All Things Real Estate: Middle class faces challenging housing market

Philip A Raices

Over the last number of years since the bottoming out of housing prices in 2011 and the impact of the Covid-19 pandemic coming onshore in the U.S., things have looked up in the market.

Prior to the pandemic, the market seemed to be cooling a bit and then the outlook changed quite rapidly overnight as people migrated away from large city populations and demand for housing totally outstripped available inventory. More important, the vast majority of builders didn’t want to get caught again in another potential downturn,  so construction decreased severely from 2008 and 2015.

At the same time able purchasers continued coming into the market every year during that time period. By the time new permits were issued and construction began, there was
a substantial lack of inventory and it became apparent that demand was reducing the number of homes that were available.

Today, the middle class has been described as 52 percent of the population by the
Pew Research Center. Others describe it differently, ranging from
household income to aspirational goals. Defining the middle class today can
be very challenging and complicated depending on what
variables you might use.

However, how far your money goes will depend on where you live in the U.S. and how you spend and save. If you live locally on Long Island, you can best be described as middle class, but it also depends on what towns and zip codes which can be determinants, too.

The middle class is being squeezed and some feel they are being pushed down to a lower level and the pandemic has been a contributing factor.

Jeffrey Wenger, senior policy researcher at the Rand Corp., says all kinds of factors are part of the equation in determining middle class status: “It’s a sense of security…It’s a certain amount of income… It’s a certain amount of human capital…It’s a certain amount
of community involvement and engagement.” According to his estimates, as of
2020, annual income for the middle class has ranged from a low of $26,900 for single person to a high of $71,900, while income for a family of five has ranged from $60,290 to a high of $160,788.

However, based on the census of 2020, which was very difficult in ascertaining due to the pandemic, Rakesh Kochhar, senior researcher at the Pew Research Center, middle-class income lies more between $51,200-$153,000. This number might have been lower if more people of color were counted, but Covid-19 reduced the number of families that went uncounted.

What is hurting many Gen Z members and millennials who might have been middle class are their exorbitant student loans. Unfortunately, this has caused those individuals over the years to either very slowly pay down the loans or not pay them at all due to the pandemic, which has reduced their wealth and put home ownership out of reach. If this is the future “supposed middle class,” then it is slowly but surely disappearing.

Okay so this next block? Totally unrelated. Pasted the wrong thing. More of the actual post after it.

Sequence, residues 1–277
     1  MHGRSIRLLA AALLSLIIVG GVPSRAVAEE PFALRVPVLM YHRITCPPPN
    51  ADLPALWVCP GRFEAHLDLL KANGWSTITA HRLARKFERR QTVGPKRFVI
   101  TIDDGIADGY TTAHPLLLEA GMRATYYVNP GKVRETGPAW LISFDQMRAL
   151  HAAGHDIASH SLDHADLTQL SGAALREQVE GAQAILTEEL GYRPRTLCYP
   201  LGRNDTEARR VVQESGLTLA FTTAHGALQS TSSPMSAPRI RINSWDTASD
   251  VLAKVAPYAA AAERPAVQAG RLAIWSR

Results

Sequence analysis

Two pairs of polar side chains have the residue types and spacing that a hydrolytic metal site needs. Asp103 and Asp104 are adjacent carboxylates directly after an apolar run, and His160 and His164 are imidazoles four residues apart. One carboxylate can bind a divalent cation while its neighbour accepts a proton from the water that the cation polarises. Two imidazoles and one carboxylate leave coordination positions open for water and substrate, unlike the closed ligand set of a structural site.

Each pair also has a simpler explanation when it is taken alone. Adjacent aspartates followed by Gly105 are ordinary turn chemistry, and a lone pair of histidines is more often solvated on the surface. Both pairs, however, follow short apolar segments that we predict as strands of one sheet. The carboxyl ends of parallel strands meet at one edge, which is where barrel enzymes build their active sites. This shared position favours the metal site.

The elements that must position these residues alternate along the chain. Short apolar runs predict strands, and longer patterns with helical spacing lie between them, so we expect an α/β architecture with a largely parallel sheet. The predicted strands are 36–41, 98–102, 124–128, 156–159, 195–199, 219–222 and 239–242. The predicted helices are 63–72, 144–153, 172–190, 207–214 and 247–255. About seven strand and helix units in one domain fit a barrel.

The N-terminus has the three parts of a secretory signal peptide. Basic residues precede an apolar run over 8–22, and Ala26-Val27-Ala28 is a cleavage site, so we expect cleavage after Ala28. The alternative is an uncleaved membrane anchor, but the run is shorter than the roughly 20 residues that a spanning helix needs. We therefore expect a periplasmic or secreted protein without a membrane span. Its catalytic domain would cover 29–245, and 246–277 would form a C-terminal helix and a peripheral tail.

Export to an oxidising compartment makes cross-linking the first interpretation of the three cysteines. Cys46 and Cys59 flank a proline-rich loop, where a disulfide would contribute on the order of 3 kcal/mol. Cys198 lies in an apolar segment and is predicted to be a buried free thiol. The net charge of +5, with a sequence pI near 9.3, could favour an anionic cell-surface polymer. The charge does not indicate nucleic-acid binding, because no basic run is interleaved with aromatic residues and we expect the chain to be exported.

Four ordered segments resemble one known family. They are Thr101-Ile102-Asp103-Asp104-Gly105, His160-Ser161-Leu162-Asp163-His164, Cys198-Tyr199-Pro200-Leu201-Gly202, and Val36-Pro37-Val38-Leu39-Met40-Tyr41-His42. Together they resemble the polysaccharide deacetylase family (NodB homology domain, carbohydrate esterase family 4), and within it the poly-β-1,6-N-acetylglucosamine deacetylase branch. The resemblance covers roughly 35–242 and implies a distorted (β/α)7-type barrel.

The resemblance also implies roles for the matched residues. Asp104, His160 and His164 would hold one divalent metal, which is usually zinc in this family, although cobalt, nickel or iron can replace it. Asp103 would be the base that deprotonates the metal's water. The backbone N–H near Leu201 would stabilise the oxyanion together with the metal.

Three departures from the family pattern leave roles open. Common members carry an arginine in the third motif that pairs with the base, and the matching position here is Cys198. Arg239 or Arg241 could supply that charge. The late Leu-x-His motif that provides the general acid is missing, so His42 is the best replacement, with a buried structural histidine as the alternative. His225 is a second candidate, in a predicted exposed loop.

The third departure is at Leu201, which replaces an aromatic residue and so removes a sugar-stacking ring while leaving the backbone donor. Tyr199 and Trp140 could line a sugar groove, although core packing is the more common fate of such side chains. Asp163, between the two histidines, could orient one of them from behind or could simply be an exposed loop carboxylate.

A Sept. 27,2018, article by Homi Kharas and Kristofer Hamel of the Brookings Institution about the middle class and the wealthy calculated that the middle class represented more than 50 percent of the global population and the other half were vulnerable or poor.

The article was very lengthy in explaining their methods of determining how they came to their answers. They did say and project that almost nine out of 10 of the next billion middle-class consumers will be Asian spread around the globe through 2030.

But it appears that more will reside outside the U.S. (China’s middle class is approximately 707 million). The middle class is the most crucial and largest segment of demand in the global economy.

As housing costs have been escalating at a faster pace than salaries and
wages student loans remain burdensome, many will never be in a position to buy unless they can get themselves out of their overwhelming cycle of debt.

How we define “middle class” in the future will be even more challenging as
many more will no longer be considered belonging to that group. Future incomes will define who belongs in which labeled group.

If home prices don’t adjust downward in the future and greater supplies of reasonable housing aren’t built, then affordability for those considered middle class will not exist. The government will need to step in to provide greater assistance with grants and programs.

But with the historic printing of money today will there be any available in the federal budget to be able to consider such programs? Making it too easy to purchase for those who don’t fit the profile with sufficient consistent income and creditworthiness will only cause us to repeat the easy lending mistakes made back in 2000s. The middle class in the U.S. is declining based on current trends and will continue to going forward.

Unless wages and salaries catch up to the cost of purchasing, or higher paying positions come about or greater educational opportunities are created, there will most likely be the “haves” and a greater percentage of “have-nots” outside the middle class. They will be destined to be permanent renters and never experience becoming homeowners.

Here is a link to an article from The Rand Blog on 5/14/21 about the future of the middle class:

Philip A. Raices is the owner/Broker of Turn Key Real Estate at 3 Grace Ave Ste
180, Great Neck. He has 40 years of experience in the Real Estate industry and has earned designations as a Graduate of the Realtor Institute (G.R.I.) and also as a Certified International Property Specialist (C.I.P.S). For a “FREE” 15 minute consultation, a value analysis of your home, or to answer any of your questions or concerns he can be reached by cell: (516) 647-4289 or by email:

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